Glenferrie is a residential area 7 km. east of Melbourne, containing the main civic and retail buildings of the Hawthorn area.

Glenferrie was at first called Upper Hawthorn. The main north-south thoroughfare is Glenferrie Road, and the name probably came from a property purchased in 1840 by Peter Ferrie, which he called Glen Ferrie. The property was on the south side of Gardiners Creek, in Malvern. Glenferrie was the name given to the railway station on the line between Hawthorn and Camberwell in 1882.

Burwood Road was the main east-west route through Hawthorn to Camberwell, and the Hawthorn borough hall was opened at the corner of Glenferrie and Burwood Roads in 1861. Diagonally opposite the Catholic church of the Immaculate Conception, a commanding bluestone building, was begun in 1867. A short way south the Presbyterian church was built in 1864. Within a radius of a few hundreds metres there are the Congregational St. Augustine church (1880), the Anglican St. Colomb’s church (1883) and the Oxley Road Methodist church (1889). Whilst the Methodist church had a greater proportion of shopkeepers and tradesmen than the other Protestant followings, it also had the influential Frederick Cato (Moran and Cato, chain grocers), and George Swinburne.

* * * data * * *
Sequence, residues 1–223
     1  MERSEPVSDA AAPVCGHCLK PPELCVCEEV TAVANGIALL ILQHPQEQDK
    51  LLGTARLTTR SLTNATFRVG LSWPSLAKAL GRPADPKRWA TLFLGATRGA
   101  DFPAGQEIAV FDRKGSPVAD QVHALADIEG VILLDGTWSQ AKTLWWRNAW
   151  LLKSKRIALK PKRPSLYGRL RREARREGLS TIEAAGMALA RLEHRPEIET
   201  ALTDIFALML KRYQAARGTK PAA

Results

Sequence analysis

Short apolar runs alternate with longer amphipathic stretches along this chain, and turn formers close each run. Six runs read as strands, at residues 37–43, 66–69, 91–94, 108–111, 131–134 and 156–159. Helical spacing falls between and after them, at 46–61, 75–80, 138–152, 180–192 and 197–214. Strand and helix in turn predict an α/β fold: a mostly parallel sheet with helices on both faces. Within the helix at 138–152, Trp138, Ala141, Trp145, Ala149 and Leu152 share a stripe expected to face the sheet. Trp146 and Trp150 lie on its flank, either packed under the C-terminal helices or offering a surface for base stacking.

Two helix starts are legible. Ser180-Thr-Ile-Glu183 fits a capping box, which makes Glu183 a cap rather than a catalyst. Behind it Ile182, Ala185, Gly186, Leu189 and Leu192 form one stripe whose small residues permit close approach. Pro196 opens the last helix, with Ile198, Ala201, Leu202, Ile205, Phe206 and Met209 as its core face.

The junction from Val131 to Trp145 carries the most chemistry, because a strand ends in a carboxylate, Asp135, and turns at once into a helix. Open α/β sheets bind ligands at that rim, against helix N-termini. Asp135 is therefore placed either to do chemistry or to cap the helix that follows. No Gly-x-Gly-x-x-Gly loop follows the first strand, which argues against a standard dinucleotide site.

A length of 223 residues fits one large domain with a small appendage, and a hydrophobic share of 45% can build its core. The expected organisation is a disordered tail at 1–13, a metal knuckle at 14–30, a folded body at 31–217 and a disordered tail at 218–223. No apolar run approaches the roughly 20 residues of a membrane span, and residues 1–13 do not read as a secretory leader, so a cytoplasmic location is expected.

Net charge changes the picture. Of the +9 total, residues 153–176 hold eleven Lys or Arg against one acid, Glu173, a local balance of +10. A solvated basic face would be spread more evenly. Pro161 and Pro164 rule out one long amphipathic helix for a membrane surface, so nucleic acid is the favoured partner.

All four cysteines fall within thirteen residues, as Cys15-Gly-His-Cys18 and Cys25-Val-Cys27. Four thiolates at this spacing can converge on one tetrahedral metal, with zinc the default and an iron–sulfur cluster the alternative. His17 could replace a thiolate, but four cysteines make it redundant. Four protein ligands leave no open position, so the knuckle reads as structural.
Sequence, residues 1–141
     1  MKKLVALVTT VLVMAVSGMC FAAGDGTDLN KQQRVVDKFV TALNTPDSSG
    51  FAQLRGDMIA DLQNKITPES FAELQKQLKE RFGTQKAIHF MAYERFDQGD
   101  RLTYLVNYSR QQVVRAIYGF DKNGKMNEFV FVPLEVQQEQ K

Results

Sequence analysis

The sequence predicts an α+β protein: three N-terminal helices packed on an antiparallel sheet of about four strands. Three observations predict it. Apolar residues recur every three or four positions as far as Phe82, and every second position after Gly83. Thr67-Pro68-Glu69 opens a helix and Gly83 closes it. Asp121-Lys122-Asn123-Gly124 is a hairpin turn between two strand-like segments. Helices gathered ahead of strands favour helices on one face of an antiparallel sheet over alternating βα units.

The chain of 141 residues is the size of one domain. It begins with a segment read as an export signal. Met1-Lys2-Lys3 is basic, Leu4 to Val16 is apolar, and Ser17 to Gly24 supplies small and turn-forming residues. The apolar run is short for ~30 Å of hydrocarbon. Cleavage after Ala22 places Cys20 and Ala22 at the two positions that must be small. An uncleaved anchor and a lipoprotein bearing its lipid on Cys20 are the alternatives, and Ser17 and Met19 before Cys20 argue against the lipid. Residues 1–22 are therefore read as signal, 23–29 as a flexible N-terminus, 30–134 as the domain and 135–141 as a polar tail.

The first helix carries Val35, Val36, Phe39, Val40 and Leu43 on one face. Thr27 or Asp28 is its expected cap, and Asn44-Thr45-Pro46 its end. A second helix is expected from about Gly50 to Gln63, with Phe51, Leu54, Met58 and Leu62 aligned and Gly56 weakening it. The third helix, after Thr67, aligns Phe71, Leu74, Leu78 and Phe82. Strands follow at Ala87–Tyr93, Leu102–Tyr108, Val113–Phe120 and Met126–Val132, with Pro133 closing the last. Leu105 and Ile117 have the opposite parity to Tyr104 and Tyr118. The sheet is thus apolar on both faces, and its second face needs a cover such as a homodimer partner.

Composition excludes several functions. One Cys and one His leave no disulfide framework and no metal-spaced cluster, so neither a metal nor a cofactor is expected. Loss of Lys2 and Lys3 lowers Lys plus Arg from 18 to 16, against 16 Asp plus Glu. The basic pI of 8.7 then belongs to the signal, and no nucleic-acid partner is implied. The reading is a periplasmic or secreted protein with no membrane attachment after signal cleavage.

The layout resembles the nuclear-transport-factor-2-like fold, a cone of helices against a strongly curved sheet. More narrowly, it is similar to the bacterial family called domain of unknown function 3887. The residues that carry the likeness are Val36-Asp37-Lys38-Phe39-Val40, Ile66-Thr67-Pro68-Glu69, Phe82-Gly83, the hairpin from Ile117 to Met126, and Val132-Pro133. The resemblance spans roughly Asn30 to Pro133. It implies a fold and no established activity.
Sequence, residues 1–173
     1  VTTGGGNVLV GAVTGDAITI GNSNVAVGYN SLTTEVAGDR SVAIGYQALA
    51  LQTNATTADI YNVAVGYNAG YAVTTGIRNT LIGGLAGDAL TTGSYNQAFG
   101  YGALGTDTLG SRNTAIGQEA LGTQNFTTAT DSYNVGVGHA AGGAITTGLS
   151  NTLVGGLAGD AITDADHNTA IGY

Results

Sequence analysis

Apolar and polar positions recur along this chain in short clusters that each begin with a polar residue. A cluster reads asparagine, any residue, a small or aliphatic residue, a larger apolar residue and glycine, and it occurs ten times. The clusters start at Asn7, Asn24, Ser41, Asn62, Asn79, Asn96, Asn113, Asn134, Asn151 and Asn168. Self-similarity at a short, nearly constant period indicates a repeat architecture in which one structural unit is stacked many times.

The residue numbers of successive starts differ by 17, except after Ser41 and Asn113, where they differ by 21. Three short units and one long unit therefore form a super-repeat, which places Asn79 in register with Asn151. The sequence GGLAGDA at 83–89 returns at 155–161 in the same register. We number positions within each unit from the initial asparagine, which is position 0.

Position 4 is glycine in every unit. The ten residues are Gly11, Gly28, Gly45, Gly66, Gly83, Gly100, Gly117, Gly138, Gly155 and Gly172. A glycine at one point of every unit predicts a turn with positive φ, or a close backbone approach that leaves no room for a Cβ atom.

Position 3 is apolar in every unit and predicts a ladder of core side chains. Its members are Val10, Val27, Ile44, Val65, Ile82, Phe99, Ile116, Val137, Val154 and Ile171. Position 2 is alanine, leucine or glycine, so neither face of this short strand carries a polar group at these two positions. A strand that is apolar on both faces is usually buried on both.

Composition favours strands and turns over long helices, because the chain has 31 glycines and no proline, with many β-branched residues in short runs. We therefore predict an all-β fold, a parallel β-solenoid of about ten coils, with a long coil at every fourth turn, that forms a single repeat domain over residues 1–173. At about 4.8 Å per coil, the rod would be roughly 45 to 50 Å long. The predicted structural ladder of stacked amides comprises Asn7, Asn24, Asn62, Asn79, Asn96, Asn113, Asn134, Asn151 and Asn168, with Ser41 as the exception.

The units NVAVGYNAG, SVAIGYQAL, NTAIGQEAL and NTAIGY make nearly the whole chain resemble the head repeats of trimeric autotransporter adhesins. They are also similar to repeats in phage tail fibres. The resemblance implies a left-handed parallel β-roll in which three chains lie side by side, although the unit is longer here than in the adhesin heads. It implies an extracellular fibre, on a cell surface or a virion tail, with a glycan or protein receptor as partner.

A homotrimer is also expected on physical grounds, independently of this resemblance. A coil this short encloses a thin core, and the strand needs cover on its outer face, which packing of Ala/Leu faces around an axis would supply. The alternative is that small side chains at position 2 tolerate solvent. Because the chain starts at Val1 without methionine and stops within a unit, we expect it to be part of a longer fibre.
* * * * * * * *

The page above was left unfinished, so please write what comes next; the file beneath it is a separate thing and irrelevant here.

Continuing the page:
Swinburne, Hawthorn councillor and local Parliamentarian, was strongly involved in establishing the Eastern Suburbs Technical College at Glenferrie in 1907. Renamed the Swinburne Technical College, and Swinburne Institute of Technology, it became the Swinburne University of Technology in 1992.

The local shopping strip before the turn of the century was along Burwood Road, which was serviced by a horse tram between 1890 and 1916. In 1913, however, a tramline was opened along Glenferrie Road, which stimulated the building of a second shopping strip, which ultimately overtook Burwood Road. The tram also became the private schools’ line servicing Scotch College, Glenferrie (1916), Tintern Girls’ school (until its transfer to Ringwood in 1953) and several further north in Kew. In 1916 the Hawthorn Tramways Trust opened an electric tramline along Riversdale Road, in addition to the parallel railway line (1882) about 800 metres northwards.

Glenferrie has several buildings on the Register of the National Estate (former CBA, 1891, primary school, 1876) and the Victorian Heritage Register (former ES and A Bank, 1873 and the Glenferrie oval grandstand, 1938).

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